N68 Million Scandal Rocks The Nigerian Law School

N68 Million Scandal Rocks The Nigerian Law School

By Wires Editor | The Trent on July 3, 2020
Ahmed Idris, Nigeria, President Muhammadu Buhari,
Accountant general of the federation, Ahmed Idris | Thisday

Financial misappropriation of several millions have been uncovered in the records of the Nigerian Law School.

The Office of Auditor-General of the Federation, AGF, uncovered multiple infractions in the school records, ranging from outright misappropriation to spending without approval and necessary appropriation.

The Auditor-General’s Financial Report for 2015 which was submitted to the Senate Committee on Public Accounts for investigation on Thursday, July 2, 2020, indicted the management of the Nigerian Law School and exposed how N32 million was paid to an unnamed “cleaner over a period of 12 months.”

The payment, it was noted was not appropriated in the budget of the Nigerian Law School, which indicated the money was withdrawn directly from its internally generated revenue without necessary approval.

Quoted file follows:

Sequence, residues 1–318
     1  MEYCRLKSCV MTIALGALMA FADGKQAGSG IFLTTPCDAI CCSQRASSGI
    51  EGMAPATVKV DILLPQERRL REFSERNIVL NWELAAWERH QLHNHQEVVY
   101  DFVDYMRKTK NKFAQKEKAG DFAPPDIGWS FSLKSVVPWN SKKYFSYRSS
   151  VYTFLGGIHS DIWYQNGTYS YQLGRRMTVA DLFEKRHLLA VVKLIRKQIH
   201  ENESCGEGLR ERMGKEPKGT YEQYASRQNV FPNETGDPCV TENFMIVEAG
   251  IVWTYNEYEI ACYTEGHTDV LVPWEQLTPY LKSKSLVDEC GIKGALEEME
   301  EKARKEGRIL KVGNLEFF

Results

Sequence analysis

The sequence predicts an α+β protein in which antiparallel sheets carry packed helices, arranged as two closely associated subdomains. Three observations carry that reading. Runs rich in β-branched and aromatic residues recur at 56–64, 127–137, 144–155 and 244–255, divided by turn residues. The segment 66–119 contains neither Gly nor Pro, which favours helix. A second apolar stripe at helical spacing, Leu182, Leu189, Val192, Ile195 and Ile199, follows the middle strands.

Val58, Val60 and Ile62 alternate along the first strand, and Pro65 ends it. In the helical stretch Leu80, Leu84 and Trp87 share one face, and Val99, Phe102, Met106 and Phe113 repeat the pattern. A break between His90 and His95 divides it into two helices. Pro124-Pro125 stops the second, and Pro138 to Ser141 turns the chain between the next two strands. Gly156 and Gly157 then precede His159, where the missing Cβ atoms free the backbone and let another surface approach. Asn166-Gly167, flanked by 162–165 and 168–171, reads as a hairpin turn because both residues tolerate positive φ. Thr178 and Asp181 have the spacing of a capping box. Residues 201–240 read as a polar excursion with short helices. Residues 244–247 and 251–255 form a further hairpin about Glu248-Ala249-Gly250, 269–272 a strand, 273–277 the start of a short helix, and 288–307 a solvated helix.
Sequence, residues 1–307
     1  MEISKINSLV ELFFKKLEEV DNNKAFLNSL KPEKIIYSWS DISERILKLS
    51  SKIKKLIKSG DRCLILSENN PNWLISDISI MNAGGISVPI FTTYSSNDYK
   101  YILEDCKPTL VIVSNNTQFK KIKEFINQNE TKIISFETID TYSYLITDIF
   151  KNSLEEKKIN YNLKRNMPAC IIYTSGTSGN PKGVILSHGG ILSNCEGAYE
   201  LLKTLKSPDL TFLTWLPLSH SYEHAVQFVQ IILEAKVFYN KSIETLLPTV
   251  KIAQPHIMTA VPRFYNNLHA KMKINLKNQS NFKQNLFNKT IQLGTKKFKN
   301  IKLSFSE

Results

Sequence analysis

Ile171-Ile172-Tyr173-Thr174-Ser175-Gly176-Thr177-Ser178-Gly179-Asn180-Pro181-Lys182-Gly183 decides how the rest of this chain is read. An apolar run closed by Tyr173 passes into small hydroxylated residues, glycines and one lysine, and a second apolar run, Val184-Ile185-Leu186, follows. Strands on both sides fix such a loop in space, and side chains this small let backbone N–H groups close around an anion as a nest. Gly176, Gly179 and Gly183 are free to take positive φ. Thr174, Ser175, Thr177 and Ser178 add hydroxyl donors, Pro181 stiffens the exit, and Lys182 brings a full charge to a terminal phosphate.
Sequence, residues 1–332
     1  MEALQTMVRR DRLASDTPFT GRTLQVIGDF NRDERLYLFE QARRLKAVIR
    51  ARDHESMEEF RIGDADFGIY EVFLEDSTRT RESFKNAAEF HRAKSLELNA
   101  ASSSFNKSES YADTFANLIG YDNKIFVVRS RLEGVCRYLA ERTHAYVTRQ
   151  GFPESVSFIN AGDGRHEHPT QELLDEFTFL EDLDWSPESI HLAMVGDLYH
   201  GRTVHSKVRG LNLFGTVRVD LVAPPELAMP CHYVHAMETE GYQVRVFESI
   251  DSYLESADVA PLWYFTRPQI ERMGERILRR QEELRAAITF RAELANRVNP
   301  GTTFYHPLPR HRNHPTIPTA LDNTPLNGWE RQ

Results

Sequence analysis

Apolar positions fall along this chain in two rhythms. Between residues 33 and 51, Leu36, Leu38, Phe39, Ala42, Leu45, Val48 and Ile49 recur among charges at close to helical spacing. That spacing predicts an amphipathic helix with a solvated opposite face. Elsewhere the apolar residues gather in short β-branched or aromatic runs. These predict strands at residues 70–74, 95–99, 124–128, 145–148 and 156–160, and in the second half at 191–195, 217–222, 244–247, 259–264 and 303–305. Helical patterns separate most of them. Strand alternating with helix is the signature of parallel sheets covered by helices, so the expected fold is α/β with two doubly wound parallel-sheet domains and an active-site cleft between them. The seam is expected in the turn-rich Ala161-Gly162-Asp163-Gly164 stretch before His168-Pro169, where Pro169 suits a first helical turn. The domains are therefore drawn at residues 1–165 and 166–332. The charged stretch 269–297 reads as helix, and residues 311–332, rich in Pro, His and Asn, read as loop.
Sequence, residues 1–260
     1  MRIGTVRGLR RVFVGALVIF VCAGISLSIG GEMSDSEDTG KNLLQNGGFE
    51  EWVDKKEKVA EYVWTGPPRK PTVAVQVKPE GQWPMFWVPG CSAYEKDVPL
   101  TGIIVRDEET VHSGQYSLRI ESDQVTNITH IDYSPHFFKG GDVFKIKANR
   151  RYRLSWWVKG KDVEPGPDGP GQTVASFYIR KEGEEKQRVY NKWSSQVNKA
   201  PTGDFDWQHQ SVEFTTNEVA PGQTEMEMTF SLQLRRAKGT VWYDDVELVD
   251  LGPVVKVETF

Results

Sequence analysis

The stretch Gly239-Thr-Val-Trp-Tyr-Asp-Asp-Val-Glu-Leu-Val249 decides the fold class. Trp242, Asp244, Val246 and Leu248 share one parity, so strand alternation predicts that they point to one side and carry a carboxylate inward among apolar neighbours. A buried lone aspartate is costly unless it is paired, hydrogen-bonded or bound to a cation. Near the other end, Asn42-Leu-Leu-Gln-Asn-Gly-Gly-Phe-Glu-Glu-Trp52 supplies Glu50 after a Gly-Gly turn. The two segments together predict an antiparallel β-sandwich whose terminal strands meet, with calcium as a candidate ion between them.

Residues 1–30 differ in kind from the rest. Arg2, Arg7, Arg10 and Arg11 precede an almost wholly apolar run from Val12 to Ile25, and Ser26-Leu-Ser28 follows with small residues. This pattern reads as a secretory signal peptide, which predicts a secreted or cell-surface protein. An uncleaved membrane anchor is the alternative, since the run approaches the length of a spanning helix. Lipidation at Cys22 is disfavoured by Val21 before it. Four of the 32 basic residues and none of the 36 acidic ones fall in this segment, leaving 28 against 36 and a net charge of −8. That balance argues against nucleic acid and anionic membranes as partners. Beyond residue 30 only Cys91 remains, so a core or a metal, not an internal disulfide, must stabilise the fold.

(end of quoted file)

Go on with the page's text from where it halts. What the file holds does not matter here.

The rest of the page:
The Auditor-General also queried the payment of another N36 million as dressing allowance through the account of one of the staff for 52 others; again without approval and in violation of Nigeria’s Financial Act.

Defending the action, the director-general of the Nigerian Law School, Isa Hayatu Chioma, said that queried raised could not have happened in the Law School, adding, “I can’t imagine the Law School paying 36 million into one person account on behalf of others.”

His defense was however not strong enough for the Senate panel to vacate the query.

Equally perplexing was the revelation by the Auditor-General, that the financial record of the Law School showed very weak signs of internal control measures.

The Law School Storehouse had no ledger to show its inflows and outflows with some of its bank mandates not dated.

Even the Internal Auditor official stamp was not numbered; suggesting massive recklessness in the finance of the Law School.

The Auditor-General’s report further revealed from examination of payment voucher that the Law School at various intervals made use of the pension funds to offset expenses not related to payment of pension, contrary to extant Financial Regulation 417 which states that “expenditure shall strictly be classified in accordance with the estimate and if incorrectly charged to a vote shall be disallowed.”

The Director-General of the Law School has since been asked to recover the sum involved and return same into the pension account.

Source: Independent


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